- While this is a brand new bill for Minnesota, we learned a lot from other efforts in the US, e.g. Maryland and other cost-share programs. We called it an ”aggressive state-level CSP” in order to communicate that this program is additive to the federal Conservation Stewardship Program. It is needed because 75% of farmers eligible for federal conservation funding get turned away. Up front costs to implement soil health practices are real!
- It’s important to talk to allies ahead of time, especially around the racial justice piece. While LSP has a mostly white membership, we worked with Voices for Racial Justice, Latino Economic Development Center and others to figure out how to prioritize funding the people that need it most: BIPOC, and women as well as small-and midsize farmers. We called it rural economic justice and emphasized that farms are small businesses that need to be supported.
- Those that are most impacted make the most effective spokespeople! Testimony from farmers that are struggling to get started with soil health practices –e.g. young farmers that don’t have the upfront capital– can be more powerful than a farmer that has been implementing soil health for years.
- When introducing a bill, start with the biggest, bold vision and then negotiate what’s possible. Start with collaborative tactics, but don’t shy away from respectful confrontation when necessary. Grassroots organizing is essential in providing the necessary push to reach a daring goal –we even knocked on doors in pivotal districts. It was fun!
- Next steps: the Board of Water and Soil Resources will need time to develop a soil health program and build an application. They want to do it well and ensure that it is successful. The program will probably be funneled through the Soil and Water Conservation Districts. Organizers are continuing to meet with stakeholders and the board to support a successful implementation and ensure that racial justice is actualized.
- Funding allocations of $5.35 million for two years (budget years July 2021-June 2023) is a great start but not even close to the scale of what is needed. Solutions need to be at the same scale as the challenge of climate change!
- 2022 is not a budget year in Minnesota, organizers will keep working on policy and goal setting. Minnesota’s entire house, senate and governor are up for election in 2022.
The Story Behind LSP’s Soil Health & Climate Campaign, LSP blog June 24, 2021
University of Minnesota Terrestrial Carbon Sequestration Initiative: Developed and disseminated pertinent information about biological carbon sequestration in ecosystems in Minnesota. It provided a forum for academic, government, and general audiences on a range of ecological, economic, and institutional issues. The goal of the Initiative was to identify, test, and build support for carbon management strategies that benefit rural economies, regional environments, and the climate. (Land-grant university)
- The Potential for Terrestrial Carbon Sequestration in Minnesota: A Report to the Department of Natural Resources from the Minnesota Terrestrial Carbon Sequestration Initiative
Omnibus Natural Resources Policy and Finance Bill
- Introduced June 14, 2021
- Signed by Governor Walz on June 29, 2021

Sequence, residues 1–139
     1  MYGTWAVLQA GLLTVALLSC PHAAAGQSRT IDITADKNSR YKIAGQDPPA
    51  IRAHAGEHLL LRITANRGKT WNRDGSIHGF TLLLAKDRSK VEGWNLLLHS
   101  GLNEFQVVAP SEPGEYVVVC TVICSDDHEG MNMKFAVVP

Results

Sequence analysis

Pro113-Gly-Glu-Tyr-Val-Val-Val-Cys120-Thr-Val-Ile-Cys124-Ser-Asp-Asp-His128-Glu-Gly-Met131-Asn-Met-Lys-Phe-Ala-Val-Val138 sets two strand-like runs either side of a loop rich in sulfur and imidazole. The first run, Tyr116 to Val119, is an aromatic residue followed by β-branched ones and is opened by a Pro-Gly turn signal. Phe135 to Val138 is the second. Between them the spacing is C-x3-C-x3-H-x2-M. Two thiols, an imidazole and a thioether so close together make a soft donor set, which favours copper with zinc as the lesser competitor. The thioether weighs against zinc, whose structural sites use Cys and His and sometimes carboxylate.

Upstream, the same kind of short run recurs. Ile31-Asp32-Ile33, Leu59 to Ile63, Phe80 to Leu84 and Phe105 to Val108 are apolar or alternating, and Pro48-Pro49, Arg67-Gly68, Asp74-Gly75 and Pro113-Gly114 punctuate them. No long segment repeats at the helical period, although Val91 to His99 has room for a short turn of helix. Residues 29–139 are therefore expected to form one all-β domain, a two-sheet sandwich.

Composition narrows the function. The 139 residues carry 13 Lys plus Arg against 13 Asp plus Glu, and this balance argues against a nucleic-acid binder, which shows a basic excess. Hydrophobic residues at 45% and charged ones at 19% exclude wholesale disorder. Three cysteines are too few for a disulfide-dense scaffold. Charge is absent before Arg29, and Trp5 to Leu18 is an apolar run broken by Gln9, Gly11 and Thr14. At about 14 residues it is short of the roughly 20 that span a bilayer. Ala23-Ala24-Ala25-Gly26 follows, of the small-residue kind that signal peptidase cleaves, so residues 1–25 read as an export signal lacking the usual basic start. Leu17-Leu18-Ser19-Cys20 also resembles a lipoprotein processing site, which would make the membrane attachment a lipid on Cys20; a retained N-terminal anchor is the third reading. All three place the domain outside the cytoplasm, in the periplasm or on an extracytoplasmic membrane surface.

SF0020, Omnibus environment and natural resources policy and finance bill, includes funding for soil health program
Editor’s Note: When summarizing state Healthy Soils legislation, legislation that changes the state statutes has been tracked. Many state legislatures enact measures that do not change the statutes, most frequently in relation to the state budgets. State statutes tend to be a visible anchor for measures, giving those measures more reliable permanence. Without that anchor, measures may lose funding or support as legislative memory fades and administrations change.
The Healthy Soils legislation last year in Minnesota was particularly hard to sort through, as there were roughly twenty different bills related somehow to the original Healthy Soils bills filed at the beginning of the session. The legislation that passed that included soil health were funding bills (SF0020, Omnibus environment and natural resources policy and finance bill, and HF0013, Omnibus legacy finance bill), which did not put soil health in the statutes. SF0020 implicitly created a soil health program with initial and ongoing funding:
(k) $675,000 the first year and $675,000 the second year are for soil health practice adoption purposes consistent with the cost-sharing provisions of Minnesota Statutes, section 103C.501, and for soil health program responsibilities in consultation with the University of Minnesota Office for Soil Health. The base for this appropriation in fiscal year 2024 and beyond is $203,000.
The passage of state Healthy Soils legislation is important, particularly in creating state soil health programs, yet funding is crucial for those programs to be implemented and successful. Updating the state statutes and improving funding for soil health programs are both important. Some states that have passed Healthy Soils legislation still need to provide initial or ongoing funding for the programs created by legislation. The Minnesota legislation, while not changing the statutes, has provided initial and ongoing funding.
Last updated 2/5/22
Contact the Land Stewardship Project policy team at Minnesota@healthysoilspolicy.org